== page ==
Figure 4
Responses per minute of problem behavior and alternative behavior during baseline, FCT, FCT maintenance, and extinction conditions for Ben, Max, and Connor in Experiment 2.

Discussion

Results provide preliminary evidence that extinction-induced resurgence may account for some instances of response recovery during treatments that involve differential reinforcement. Overall, results of both experiments show a robust recovery of problem behavior during the tests for resurgence, often above baseline rates. This high rate of recovery for problem behavior is cause for concern because problem behavior could very easily be restrengthened through accidental reinforcement provided by caregivers. Resurgence of problem behavior was observed with 2 of 3 participants in Experiment 1 and with all 3 participants in Experiment 2. Thus, results of Experiment 1 indicated that resurgence of problem behavior occurs in some instances, and that repeated exposure to extinction does not necessarily lessen the magnitude of the resurgence effect. In fact, Ben's problem behavior increased to higher levels during his second exposure to extinction than during his first exposure in Experiment 1.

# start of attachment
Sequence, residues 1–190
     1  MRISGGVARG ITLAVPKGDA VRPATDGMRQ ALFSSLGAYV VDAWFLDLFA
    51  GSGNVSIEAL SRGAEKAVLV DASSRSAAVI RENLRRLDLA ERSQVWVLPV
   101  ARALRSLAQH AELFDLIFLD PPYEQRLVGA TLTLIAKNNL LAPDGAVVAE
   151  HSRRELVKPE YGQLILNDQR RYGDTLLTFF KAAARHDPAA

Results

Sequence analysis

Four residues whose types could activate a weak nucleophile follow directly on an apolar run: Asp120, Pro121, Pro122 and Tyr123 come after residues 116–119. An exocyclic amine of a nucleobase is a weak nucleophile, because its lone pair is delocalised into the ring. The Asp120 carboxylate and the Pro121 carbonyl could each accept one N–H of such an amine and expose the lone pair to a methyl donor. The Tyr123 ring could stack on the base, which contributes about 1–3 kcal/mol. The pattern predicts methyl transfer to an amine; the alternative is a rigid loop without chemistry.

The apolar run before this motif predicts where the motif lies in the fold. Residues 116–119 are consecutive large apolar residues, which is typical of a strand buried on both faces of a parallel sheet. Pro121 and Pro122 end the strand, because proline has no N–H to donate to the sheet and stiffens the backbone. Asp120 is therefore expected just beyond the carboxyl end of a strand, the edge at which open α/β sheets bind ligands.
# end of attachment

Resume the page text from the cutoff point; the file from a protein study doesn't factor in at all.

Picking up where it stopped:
Results of Experiment 2 indicated that resurgence of problem behavior also can occur when an alternative response is reinforced on a thin schedule. Thus, if reinforcement for an alternative response is withheld for brief periods of time or thinned too rapidly during FCT treatments, problem behavior may resurge even if it remains on extinction. These results replicate those of Lieving and Lattal (2003) and extend them to human participants and clinical problems. In addition, the resurgence phenomenon was demonstrated with 3 participants whose problem behavior was maintained by negative reinforcement. Resurgence of escape and avoidance behavior has not been demonstrated in the basic literature and has not been explicitly evaluated in the applied literature until now.